Analytical writing is one of the three sections of the Graduate Record Examination, or GRE, a standardized test required by many graduate school programs. The analytical writing section is designed to measure your ability to develop and analyze arguments and express complex ideas through writing. It contains two tasks; the first asks you to analyze an issue while the second asks you to analyze an argument. You have 30 minutes to complete each task.
The issue task provides a quotation or general opinion and instructions on how to evaluate the opinion, such as how to explain why you agree or disagree with it. The opinion might relate to arts, sciences, humanities or other fields, but it won't require you to have specific knowledge about a topic. Instead, the task tests your ability to construct an argument and back it with reasoning and examples. There's no right or wrong answer, just strong and weak arguments.
The argument task provides an argument, such as the case made for a certain action, and requires you to analyze its logic. Like the issue task, the argument task doesn't require specific knowledge, and you don't have to decide whether you agree or disagree with the argument. The task instead tests your ability to write persuasively and think critically. For example, you must examine the evidence supporting an argument, the argument's unstated assumptions and the logical conclusions that can be drawn from the information given.
Each of the tasks is scored by trained readers on a six-point scale. The essays are scored holistically, so readers evaluate the impact of your essay as a whole rather than your use of individual skills such as grammar or vocabulary. Your scores on the two essays are averaged and rounded to the nearest half-point to determine your overall score for the section.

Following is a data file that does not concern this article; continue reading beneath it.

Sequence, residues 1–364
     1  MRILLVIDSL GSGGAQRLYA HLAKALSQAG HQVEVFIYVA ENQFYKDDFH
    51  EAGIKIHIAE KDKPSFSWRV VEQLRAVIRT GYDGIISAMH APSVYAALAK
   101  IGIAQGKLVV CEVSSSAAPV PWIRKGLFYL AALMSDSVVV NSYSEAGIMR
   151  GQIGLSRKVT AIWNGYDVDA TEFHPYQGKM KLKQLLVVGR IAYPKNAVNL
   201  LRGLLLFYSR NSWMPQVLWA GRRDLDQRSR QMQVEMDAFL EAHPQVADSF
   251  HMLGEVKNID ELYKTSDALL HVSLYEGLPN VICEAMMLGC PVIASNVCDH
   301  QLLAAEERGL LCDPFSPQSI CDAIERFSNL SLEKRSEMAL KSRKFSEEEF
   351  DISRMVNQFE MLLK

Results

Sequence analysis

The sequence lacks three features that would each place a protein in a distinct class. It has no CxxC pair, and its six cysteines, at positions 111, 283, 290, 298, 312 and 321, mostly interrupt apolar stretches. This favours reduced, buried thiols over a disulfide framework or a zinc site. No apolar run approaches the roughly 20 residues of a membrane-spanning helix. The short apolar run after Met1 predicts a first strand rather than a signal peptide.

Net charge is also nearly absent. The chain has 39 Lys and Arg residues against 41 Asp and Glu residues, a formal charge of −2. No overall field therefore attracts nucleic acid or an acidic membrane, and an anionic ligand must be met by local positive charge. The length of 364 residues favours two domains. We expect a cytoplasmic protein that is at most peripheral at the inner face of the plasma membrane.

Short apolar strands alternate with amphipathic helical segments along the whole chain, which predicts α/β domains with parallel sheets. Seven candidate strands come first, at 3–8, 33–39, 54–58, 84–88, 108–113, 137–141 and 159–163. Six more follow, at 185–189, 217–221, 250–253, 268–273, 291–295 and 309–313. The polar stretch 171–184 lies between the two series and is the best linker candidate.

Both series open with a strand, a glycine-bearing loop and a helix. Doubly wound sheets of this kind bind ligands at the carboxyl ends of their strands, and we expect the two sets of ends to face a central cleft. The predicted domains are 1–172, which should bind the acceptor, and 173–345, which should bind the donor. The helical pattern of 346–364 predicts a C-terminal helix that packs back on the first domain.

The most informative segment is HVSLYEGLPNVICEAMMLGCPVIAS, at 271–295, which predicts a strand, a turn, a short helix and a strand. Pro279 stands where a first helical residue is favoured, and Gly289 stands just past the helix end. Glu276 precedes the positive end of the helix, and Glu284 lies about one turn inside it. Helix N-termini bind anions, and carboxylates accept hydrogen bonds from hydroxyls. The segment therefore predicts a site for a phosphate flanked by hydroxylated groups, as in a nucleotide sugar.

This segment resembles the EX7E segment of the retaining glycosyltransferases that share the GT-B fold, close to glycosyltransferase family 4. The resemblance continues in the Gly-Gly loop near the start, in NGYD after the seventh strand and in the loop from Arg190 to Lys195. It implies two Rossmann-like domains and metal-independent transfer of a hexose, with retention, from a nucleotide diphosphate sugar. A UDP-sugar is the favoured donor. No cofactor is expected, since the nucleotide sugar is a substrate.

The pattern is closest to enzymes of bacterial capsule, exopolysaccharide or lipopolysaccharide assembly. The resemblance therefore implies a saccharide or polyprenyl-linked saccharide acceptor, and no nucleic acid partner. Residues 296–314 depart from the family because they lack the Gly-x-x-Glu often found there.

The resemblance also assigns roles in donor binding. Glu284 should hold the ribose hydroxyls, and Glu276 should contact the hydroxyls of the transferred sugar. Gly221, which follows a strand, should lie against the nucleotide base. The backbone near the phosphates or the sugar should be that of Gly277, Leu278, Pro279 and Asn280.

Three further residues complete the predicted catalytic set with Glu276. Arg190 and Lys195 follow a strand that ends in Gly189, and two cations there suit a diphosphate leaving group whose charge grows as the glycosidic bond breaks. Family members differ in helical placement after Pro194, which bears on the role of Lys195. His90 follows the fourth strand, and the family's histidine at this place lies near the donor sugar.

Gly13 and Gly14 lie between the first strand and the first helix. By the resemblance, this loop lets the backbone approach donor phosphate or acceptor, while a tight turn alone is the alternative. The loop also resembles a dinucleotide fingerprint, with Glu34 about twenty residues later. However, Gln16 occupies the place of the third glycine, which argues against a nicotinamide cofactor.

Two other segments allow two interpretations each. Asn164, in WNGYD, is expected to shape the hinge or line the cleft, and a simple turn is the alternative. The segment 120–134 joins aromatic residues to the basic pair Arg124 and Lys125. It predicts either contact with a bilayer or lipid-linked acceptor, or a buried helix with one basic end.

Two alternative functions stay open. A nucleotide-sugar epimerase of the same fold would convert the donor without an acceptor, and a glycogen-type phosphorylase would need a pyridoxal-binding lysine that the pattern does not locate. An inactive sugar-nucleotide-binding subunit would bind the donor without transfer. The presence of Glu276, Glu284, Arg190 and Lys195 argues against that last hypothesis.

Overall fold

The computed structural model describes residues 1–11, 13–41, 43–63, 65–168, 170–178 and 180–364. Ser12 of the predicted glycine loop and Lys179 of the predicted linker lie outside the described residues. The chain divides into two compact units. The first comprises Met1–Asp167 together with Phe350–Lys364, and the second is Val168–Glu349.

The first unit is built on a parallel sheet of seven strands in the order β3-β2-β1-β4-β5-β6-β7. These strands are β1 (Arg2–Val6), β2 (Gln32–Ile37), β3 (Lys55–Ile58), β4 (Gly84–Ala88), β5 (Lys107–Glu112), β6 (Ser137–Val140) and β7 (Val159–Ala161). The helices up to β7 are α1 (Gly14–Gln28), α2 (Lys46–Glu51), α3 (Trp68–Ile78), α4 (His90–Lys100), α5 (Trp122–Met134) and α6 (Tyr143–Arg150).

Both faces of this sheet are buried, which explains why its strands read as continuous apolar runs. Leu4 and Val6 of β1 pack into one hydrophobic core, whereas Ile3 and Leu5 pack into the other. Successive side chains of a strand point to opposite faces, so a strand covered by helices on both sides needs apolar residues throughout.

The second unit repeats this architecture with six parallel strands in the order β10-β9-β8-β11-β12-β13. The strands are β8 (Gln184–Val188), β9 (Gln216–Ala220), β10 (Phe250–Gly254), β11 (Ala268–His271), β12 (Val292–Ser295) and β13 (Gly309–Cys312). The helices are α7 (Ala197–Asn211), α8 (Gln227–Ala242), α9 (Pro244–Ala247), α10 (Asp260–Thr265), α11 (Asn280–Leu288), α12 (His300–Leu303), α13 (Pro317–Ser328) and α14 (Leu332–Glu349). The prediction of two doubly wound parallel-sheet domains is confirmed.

If you take the computer-based GRE, you will write both tasks on a word processing program developed by Educational Testing Service, the maker of the test. The program lets you cut and paste text and undo previous actions, but it doesn't have spell-check or grammar-check features. If you take the paper-based GRE, you will write your essays on paper.
Educational Testing Service recommends that all test-takers prepare in advance for the analytical writing section. Read prompts and sample responses from past tests and take practice tests. For example, one issue prompt included the quote, "As people rely more and more on technology to solve problems, the ability of humans to think for themselves will surely deteriorate." The task then asked test-takers to "Discuss the extent to which you agree or disagree with the statement above and explain your reasoning for the position you take. In developing and supporting your position, you should consider ways in which the statement might or might not hold true and explain how those considerations shape your position." During the test, budget your time carefully. Ensure you leave time to brainstorm ideas, write your response and proofread for mistakes.
Rebekah Richards is a professional writer with work published in the "Atlanta Journal-Constitution," "Brandeis University Law Journal" and online at tolerance.org. She graduated magna cum laude from Brandeis University with bachelor's degrees in creative writing, English/American literature and international studies. Richards earned a master's degree at Carnegie Mellon University.